Latest Developments in Equal Pay Claims – A Significant Concession by Sainsburys

Latest Developments in Equal Pay Claims – A Significant Concession by Sainsburys

Anyone familiar with equal pay litigation will know that it moves at the speed of an elderly and overweight tortoise. To succeed in equal pay claims, women have to prove three apparently simple things: that they are underpaid against a male comparator; that their job is the same or of at least equal value to their comparator; and that the reason for the pay difference is their gender.

Unfortunately the process of proving each of these things can take several years. As a result of this, only a tiny number of Equal Pay claims have ever reached a final hearing, bringing to mind William Gladstone’s famous dictum that ‘justice delayed is justice denied’.

There was, however, a small glimmer of hope for the 3,700 (mainly) female shop-workers bringing claims against Sainsburys this week as the supermarket giant has conceded that the claimants can compare themselves against higher paid colleagues working in warehouses. The concession is significant as it means the claimants will not have to prove this issue at tribunal and can instead skip straight to the second stage of the process, that of proving their jobs are of at least equal value.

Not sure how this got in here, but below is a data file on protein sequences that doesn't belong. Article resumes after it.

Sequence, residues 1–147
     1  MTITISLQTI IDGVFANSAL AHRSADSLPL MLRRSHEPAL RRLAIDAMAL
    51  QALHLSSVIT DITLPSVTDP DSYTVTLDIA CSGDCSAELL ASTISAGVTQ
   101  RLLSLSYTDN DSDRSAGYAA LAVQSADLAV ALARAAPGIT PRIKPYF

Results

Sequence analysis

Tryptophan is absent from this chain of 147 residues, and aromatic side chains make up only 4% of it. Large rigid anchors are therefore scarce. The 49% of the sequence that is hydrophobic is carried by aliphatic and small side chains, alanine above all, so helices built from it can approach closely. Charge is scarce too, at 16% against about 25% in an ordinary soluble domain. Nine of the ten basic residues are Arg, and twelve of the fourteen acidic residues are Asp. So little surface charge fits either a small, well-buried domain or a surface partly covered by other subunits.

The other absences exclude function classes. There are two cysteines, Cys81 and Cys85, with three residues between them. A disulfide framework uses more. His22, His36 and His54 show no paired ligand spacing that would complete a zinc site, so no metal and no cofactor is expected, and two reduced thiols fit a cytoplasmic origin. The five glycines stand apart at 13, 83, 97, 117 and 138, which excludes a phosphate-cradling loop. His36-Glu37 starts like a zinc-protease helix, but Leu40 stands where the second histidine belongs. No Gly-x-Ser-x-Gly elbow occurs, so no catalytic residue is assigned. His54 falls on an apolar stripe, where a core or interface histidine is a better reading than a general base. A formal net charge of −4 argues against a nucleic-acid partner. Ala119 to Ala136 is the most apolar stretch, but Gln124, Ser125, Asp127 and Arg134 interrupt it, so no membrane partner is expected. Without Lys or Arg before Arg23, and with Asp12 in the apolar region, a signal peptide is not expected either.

Sainsburys’ concession was celebrated by the Claimants’ solicitor Mike Keenan from Leigh Day Solicitors who stated:

 “This is a huge milestone for Sainsbury’s shop floor workers and truly something to celebrate.

“Now that Sainsbury’s finally agrees shop floor workers compare their roles to workers in distribution centres, we can focus on what’s at the heart of these claims: whether the work is of equal value.

“Leigh Day believes it is and we’re confident that the employment tribunal will agree.”

In making the concession Sainsburys are bowing to the inevitable following the decision of the Supreme Court in March that ASDA shop floor workers could make the same comparison. This now leaves claimants with the more complex task of proving that their jobs are of at least equal value to the warehouse workers to force equal pay action. This is a process which involves an independent expert evaluating job roles and can take several years.

Sainsburys are currently maintaining a bullish stance to the litigation with a representative stating:

 “We will continue to robustly defend our position in this litigation because we stand by our position that roles in stores and depots are fundamentally different.”

Fighting talk although equal pay claims have a habit of settling and Sainsburys will be bucking historic trends if they continue to defend these claims to a final hearing. Watch this space…

This blog was prepared by Mark Alaszewski, employment solicitor at didlaw